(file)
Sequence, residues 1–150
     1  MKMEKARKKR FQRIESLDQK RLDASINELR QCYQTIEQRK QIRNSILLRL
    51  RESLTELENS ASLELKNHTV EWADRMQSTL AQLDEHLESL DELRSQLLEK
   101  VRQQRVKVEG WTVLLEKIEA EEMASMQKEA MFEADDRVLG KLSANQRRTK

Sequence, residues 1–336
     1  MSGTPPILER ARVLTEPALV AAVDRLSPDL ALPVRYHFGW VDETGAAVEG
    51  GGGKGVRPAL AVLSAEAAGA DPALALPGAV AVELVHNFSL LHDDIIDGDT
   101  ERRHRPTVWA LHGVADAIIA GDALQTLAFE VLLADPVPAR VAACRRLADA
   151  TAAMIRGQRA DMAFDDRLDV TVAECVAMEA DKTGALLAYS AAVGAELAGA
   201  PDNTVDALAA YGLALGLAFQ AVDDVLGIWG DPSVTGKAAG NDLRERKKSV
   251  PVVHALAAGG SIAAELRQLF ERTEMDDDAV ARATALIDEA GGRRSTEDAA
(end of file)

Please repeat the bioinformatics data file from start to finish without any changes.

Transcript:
Sequence, residues 1–150
     1  MKMEKARKKR FQRIESLDQK RLDASINELR QCYQTIEQRK QIRNSILLRL
    51  RESLTELENS ASLELKNHTV EWADRMQSTL AQLDEHLESL DELRSQLLEK
   101  VRQQRVKVEG WTVLLEKIEA EEMASMQKEA MFEADDRVLG KLSANQRRTK

Sequence, residues 1–336
     1  MSGTPPILER ARVLTEPALV AAVDRLSPDL ALPVRYHFGW VDETGAAVEG
    51  GGGKGVRPAL AVLSAEAAGA DPALALPGAV AVELVHNFSL LHDDIIDGDT
   101  ERRHRPTVWA LHGVADAIIA GDALQTLAFE VLLADPVPAR VAACRRLADA
   151  TAAMIRGQRA DMAFDDRLDV TVAECVAMEA DKTGALLAYS AAVGAELAGA
   201  PDNTVDALAA YGLALGLAFQ AVDDVLGIWG DPSVTGKAAG NDLRERKKSV
   251  PVVHALAAGG SIAAELRQLF ERTEMDDDAV ARATALIDEA GGRRSTEDAA